Peg: I know. Bye, Helen.
Though comedic, the seed of truth in the Peg Boggs example is relevant for me when I’m presenting at my school. So why then is it important for me to continue to throw myself upon the torture rack of presenting to my own colleagues? Why knock on Helen’s door? Why is it necessary to practice this most challenging kind of PD delivery instead of, say, only making presentations at conferences or giving talks to faculties far afield where I can try to be that nerdy rock star?
The short answer is this: I must make regular PD presentations to my own colleagues because it makes me a better professional developer in a way that nothing else can. It is fundamental to my growth; it makes me work very, very hard to create presentations that have style, substance, and meaning; I want the information and approaches to work because these are the teachers and colleagues I care about the most. What I present must matter; every second with my colleagues is one which I know—deeply understand—could be used for a different purpose. And if I haven’t brought my “A” game, well, I will be the one to pay the immediate price for my laziness or inaccuracy: I will lose my colleagues’ respect.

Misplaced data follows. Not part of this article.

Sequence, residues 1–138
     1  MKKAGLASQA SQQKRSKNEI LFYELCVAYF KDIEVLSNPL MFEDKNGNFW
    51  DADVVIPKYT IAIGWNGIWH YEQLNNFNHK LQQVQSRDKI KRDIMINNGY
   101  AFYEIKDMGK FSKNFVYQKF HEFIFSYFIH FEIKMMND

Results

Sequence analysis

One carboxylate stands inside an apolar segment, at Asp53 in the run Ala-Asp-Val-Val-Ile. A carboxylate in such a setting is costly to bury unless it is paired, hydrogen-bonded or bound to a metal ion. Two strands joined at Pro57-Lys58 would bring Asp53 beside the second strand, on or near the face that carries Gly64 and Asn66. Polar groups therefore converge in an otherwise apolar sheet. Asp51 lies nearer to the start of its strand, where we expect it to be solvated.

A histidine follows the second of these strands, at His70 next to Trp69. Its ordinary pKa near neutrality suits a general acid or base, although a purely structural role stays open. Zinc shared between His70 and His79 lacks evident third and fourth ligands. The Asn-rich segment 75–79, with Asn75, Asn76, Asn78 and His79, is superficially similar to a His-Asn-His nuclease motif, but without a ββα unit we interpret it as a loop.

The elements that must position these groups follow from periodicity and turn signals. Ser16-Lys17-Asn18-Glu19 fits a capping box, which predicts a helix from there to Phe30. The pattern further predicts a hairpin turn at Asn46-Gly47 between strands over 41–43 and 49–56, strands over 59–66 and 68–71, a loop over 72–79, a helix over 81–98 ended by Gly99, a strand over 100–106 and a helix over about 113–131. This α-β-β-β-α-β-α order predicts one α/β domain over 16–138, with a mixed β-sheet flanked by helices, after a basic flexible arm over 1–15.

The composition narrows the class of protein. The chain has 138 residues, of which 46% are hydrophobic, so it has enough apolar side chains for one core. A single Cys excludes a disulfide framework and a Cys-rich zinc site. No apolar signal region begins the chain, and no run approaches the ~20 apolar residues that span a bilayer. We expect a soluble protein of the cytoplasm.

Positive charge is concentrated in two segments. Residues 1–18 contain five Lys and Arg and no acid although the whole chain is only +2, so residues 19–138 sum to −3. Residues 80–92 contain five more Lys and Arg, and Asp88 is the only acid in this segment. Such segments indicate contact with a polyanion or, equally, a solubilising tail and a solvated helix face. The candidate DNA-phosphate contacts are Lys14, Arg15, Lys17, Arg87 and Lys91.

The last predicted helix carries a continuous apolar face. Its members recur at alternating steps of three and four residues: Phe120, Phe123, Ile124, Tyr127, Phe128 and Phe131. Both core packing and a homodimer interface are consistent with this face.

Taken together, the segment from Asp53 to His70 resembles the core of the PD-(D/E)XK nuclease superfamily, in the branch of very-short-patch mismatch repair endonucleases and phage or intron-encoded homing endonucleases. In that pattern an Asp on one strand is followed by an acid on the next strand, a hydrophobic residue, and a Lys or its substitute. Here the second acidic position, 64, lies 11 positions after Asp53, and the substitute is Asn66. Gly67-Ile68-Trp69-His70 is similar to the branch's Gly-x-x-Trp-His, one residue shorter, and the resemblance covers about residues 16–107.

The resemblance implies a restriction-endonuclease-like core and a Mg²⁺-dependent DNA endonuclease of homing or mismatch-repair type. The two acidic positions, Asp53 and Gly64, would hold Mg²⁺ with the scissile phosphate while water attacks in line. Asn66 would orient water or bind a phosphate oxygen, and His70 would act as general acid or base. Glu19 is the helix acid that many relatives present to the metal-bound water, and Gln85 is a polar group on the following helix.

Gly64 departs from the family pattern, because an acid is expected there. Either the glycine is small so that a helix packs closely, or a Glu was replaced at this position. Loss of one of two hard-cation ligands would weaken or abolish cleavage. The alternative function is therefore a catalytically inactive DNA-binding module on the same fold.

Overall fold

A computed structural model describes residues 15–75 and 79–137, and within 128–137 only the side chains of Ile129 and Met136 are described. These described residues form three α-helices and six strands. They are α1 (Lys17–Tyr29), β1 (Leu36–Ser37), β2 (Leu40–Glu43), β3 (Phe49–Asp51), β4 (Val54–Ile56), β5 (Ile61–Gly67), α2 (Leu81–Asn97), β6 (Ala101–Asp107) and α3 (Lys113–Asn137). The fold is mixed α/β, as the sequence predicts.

For me, those are the highest stakes of all as a professional developer.
And so, after I’ve worked for weeks or even months on a presentation for my own faculty, have had the requisite sleepless night(s), and have given it my best shot, a respected colleague says, “Hey, thanks for that. I got a lot out of it. I appreciate how heartfelt you were and the risks you took in front of us,” it means everything to me.
It means I’m ready for the world.
Thompson, C. Edward Scissorhands. Film script. 1990. IMSDb. Web. 8 August, 2015.